O&P Library > Orthotics and Prosthetics > 1984, Vol 38, Num 3 > pp. 12 - 40

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Orthotic Control of Ground Reaction Forces During Running (A Preliminary Report)

John Glancy, CO *

This discussion of the control of ground reaction forces is presented on the assumption that the best approach to improving the runner's environment is to prevent injuries by the prophylactic use of orthotic devices. It is now readily acknowledged that ground reaction forces can adversely affect the foot/ankle complex when one or more of a variety of abnormal conditions are present. Also, there is equal acceptance that ground reaction forces when malfunction of a part of the foot/ ankle complex is present, can have debilitating effects higher up in the kinetic chain. This discussion will be limited to the effects of ground reaction forces to the foot and ankle during the heel-to-toe running cycle.

The prevention of running injuries by orthotic means may seem academic with respect to runners attending sports medicine clinics who come for immediate treatment of injuries they have already sustained. Under these circumstances, the use of orthotic devices may still be thought of as prophylactic if the cause of a particular injury is determined to be biomechanical in nature and if the device successfully arrests or reverses the causative condition and/or prevents reoccurrence of the injury.

There are estimated to be over 25 million adult Americans now running or jogging regularly.2 (Part 1) If the patients referred to the University of Indiana Division of Orthotics are representative of runners in general, many of their injuries are related to foot and/or ankle conditions that were present prior to their running activities. These conditions are often reported to have been asymptomatic before the patient took up running. In fact, the majority report that they do not experience symptoms except when they run or soon after a run. The increase in impact with the ground when running, by a factor of two to three times body weight at heel strike, is known to be related to the development of symptoms. Burdett's study predicts peak Achilles tendon forces ranging from 5.3 to 10 times body weight. Also related are pre-existing biomechanical "imperfection(s)" of which the runner has been unaware and/or a long-forgotten prior injury has led to malalignment of the foot or ankle and which predisposes the runner to injury.2 (Part II, p. 26)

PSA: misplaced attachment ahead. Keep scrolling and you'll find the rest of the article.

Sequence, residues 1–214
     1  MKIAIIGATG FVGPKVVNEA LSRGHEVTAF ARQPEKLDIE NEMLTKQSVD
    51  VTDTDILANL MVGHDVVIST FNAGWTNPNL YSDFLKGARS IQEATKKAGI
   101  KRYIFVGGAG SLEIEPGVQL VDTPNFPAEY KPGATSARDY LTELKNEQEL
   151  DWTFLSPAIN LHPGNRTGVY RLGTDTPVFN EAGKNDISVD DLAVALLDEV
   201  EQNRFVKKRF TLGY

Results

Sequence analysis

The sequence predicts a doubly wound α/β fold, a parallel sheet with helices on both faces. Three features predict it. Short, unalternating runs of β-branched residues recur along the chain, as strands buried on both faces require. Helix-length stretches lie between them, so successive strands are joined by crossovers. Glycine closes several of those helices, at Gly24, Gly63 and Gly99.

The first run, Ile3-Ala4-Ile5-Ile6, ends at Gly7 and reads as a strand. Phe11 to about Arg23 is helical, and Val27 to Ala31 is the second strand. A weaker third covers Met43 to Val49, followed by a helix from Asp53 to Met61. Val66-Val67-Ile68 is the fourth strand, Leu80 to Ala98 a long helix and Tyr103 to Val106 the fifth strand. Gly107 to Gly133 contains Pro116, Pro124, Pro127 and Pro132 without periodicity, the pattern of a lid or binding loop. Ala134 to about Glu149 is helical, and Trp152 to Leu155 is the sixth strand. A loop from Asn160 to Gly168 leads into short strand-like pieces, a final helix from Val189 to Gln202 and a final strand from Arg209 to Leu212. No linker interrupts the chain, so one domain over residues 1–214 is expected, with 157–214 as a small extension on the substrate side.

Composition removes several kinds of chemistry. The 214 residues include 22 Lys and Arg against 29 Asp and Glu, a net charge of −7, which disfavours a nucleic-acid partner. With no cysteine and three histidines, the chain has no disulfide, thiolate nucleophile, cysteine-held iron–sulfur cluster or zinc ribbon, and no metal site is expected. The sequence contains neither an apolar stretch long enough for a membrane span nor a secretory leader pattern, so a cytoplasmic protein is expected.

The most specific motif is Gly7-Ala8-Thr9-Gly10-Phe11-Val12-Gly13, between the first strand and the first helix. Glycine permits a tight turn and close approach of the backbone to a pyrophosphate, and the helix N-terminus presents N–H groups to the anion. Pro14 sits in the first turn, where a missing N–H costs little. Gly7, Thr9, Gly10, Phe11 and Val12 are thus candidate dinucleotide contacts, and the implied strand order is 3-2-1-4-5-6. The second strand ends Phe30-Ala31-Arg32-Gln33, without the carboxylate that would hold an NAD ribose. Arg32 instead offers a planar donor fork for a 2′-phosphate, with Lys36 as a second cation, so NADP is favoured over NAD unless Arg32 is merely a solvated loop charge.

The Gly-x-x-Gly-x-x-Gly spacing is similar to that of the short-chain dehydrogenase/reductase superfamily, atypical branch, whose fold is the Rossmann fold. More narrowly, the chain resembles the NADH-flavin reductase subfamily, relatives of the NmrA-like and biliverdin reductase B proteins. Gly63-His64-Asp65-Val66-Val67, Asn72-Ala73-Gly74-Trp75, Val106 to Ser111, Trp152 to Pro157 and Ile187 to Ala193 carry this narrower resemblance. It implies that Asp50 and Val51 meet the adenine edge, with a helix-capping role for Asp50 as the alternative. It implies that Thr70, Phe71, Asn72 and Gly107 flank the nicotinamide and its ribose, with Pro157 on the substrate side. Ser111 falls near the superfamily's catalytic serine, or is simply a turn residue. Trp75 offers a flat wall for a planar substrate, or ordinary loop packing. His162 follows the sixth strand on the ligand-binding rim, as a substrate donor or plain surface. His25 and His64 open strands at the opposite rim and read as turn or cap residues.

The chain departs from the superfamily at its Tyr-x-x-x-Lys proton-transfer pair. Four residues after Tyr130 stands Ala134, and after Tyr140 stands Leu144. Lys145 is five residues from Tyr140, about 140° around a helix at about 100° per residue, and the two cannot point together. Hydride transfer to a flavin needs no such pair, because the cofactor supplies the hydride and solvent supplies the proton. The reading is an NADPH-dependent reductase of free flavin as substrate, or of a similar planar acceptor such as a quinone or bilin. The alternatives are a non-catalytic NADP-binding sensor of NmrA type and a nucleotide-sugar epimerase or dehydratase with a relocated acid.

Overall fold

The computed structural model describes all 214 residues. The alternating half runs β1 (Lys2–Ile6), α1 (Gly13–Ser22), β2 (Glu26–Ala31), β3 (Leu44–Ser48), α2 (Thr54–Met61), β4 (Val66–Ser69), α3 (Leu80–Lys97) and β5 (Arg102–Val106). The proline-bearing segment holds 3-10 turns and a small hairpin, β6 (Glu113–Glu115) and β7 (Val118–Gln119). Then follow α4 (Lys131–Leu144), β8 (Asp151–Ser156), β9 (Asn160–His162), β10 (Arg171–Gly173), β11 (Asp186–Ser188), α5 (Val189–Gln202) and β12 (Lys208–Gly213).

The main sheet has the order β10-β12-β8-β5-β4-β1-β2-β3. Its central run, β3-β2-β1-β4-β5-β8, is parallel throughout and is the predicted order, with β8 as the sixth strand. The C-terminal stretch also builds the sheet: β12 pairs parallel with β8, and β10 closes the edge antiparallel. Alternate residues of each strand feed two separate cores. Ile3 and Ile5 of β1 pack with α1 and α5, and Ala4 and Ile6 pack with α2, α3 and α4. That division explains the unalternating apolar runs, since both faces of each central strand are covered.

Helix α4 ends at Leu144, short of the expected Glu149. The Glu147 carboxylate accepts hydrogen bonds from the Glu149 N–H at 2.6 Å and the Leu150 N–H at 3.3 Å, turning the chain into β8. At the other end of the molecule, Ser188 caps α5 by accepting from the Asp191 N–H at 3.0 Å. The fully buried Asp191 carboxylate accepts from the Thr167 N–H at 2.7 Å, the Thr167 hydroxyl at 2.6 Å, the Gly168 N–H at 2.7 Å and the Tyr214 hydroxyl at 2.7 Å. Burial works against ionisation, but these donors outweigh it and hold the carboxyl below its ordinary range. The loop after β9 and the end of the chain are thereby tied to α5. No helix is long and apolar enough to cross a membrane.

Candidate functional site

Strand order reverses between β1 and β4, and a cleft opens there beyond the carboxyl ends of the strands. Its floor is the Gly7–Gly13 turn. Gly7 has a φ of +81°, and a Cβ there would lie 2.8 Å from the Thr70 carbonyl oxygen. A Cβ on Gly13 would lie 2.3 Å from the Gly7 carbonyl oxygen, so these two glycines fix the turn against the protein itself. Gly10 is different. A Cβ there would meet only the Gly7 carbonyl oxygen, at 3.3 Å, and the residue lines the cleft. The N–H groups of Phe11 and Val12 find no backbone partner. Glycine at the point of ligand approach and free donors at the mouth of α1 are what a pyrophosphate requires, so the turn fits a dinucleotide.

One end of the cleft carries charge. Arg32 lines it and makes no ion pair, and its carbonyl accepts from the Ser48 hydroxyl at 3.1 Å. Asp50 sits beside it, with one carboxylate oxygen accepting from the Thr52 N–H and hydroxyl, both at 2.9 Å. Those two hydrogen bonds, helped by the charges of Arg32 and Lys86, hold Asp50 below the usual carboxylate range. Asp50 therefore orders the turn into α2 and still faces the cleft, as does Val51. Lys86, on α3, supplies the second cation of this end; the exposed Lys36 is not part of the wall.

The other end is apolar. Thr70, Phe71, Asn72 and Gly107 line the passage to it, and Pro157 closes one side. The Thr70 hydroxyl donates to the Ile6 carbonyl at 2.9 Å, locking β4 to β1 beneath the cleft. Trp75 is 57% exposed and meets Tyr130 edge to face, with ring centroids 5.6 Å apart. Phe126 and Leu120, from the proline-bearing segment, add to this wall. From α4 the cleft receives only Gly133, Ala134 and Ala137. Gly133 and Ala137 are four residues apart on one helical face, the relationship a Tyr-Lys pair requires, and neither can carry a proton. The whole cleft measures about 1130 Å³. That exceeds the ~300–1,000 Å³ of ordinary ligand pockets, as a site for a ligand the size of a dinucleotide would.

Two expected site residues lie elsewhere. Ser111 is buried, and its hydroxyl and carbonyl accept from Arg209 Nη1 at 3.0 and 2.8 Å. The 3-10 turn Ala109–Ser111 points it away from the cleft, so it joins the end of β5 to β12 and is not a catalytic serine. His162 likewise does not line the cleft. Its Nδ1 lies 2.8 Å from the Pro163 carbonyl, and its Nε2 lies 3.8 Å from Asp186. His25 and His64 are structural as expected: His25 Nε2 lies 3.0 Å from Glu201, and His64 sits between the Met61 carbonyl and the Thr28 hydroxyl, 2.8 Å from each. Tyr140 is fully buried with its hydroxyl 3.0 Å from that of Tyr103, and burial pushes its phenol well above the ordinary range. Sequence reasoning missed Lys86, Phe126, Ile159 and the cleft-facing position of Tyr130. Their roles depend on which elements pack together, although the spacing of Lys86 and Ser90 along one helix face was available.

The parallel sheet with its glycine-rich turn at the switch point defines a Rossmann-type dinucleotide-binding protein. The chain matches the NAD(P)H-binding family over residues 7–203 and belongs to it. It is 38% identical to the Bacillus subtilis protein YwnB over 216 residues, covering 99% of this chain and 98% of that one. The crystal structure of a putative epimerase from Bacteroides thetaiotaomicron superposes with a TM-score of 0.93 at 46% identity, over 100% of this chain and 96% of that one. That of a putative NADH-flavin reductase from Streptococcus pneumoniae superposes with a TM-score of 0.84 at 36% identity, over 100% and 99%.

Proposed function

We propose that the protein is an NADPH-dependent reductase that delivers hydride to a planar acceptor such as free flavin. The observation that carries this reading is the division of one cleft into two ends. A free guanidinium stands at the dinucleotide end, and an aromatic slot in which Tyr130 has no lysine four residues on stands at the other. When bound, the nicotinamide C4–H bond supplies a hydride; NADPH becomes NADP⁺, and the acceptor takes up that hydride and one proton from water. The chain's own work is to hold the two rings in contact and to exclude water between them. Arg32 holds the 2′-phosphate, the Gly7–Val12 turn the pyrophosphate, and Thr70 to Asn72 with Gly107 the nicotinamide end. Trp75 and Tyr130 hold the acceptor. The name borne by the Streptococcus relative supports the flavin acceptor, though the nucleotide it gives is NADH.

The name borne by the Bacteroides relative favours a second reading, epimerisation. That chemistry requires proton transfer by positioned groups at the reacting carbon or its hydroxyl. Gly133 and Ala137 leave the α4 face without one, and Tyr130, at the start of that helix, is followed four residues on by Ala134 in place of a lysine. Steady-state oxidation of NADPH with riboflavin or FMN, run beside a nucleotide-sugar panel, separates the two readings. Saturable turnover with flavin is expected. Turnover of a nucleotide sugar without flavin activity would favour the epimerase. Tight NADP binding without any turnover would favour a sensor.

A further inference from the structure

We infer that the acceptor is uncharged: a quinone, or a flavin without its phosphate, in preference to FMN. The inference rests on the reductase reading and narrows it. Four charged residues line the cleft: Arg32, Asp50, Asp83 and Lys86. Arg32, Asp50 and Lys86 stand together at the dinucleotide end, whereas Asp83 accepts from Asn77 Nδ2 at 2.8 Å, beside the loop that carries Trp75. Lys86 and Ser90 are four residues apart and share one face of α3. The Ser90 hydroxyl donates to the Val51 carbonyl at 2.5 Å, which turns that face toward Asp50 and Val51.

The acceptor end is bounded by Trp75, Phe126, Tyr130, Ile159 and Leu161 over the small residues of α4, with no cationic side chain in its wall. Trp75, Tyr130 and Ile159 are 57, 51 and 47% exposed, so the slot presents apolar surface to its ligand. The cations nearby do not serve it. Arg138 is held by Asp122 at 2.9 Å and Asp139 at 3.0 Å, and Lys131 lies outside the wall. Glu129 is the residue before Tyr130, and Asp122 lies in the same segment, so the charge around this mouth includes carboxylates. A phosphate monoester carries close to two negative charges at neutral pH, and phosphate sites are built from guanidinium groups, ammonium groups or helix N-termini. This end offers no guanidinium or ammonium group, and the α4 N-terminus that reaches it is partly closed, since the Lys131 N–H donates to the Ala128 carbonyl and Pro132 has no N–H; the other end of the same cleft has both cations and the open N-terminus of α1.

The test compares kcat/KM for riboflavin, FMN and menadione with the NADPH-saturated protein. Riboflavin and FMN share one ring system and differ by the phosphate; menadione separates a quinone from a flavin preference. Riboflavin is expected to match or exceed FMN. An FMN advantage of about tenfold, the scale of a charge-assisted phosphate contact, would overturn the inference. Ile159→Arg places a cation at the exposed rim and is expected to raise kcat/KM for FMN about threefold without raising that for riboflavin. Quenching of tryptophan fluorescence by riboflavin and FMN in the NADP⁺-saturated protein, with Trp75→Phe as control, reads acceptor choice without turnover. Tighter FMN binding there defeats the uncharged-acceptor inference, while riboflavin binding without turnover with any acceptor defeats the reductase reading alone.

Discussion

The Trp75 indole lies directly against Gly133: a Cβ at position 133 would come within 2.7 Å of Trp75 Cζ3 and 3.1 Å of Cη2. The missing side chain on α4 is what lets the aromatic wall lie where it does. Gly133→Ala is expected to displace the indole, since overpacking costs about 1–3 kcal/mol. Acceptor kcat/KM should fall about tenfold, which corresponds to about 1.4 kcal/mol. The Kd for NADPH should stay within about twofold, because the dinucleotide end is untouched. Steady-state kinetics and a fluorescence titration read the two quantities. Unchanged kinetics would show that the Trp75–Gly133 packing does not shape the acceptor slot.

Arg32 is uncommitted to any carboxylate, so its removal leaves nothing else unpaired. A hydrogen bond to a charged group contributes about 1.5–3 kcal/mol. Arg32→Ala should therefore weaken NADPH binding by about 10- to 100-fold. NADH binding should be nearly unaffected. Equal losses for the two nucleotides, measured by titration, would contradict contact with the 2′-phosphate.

Sports medicine patients are unique in terms of individual motivation. They dislike hearing that they must give up or slow down their weekly running schedule, even for a few days. Often, many attempt to "run through" an injury, causing the condition to become chronic or resulting in a more severe level of injury. This mind-over-matter attitude, when pathomechanical factors are involved, coupled with attrition, can lead to a no-win situation, both immediate and long-term.

Since the general fitness of most runners is well above average, their very fitness often masks the cause of their complaints which, as a consequence, can be very subtle and difficult to define. Dealing with these subtleties sharpens one's powers of clinical observation. The insights and developments reported in this paper are to a substantial extent the product of the patience, persistence, conscientiousness, and accurate feedback of the runners themselves. I am indebted to them because the benefits from these new insights and developments are already being shared by orthotically handicapped patients. For example, the promising results to date with the flexible polypropylene insert and cushion heel wedge (Fig. 6 and Fig. 7 ) for juvenile rheumatoid arthritis patients are especially gratifying.


The purpose of comparing the walking and running cycles is twofold: first, to identify differences in kind from differences in degree between the two cycles; second, once identified, to try to understand the biomechanical relevance of either type of difference as regards injuries to the lower limb while running, particularly to the foot/ankle complex.

The stance phase is reduced from approximately two-thirds of the walking cycle to one-third in the running cycle. As one might anticipate, whether during walking or running, the velocity, cadence and stride length increase as the speed of gait increases. Also, as the gait speed increases, the period of stance phase decreases, and the period of swing phase increases in the walking cycle. As a result, the greater the increase in gait speed, the less time the foot spends on the ground. An increase in the speed of gait, then, in spite of its effect upon velocity, cadence and stride, is not the feature that differentiates the running cycle from the walking cycle.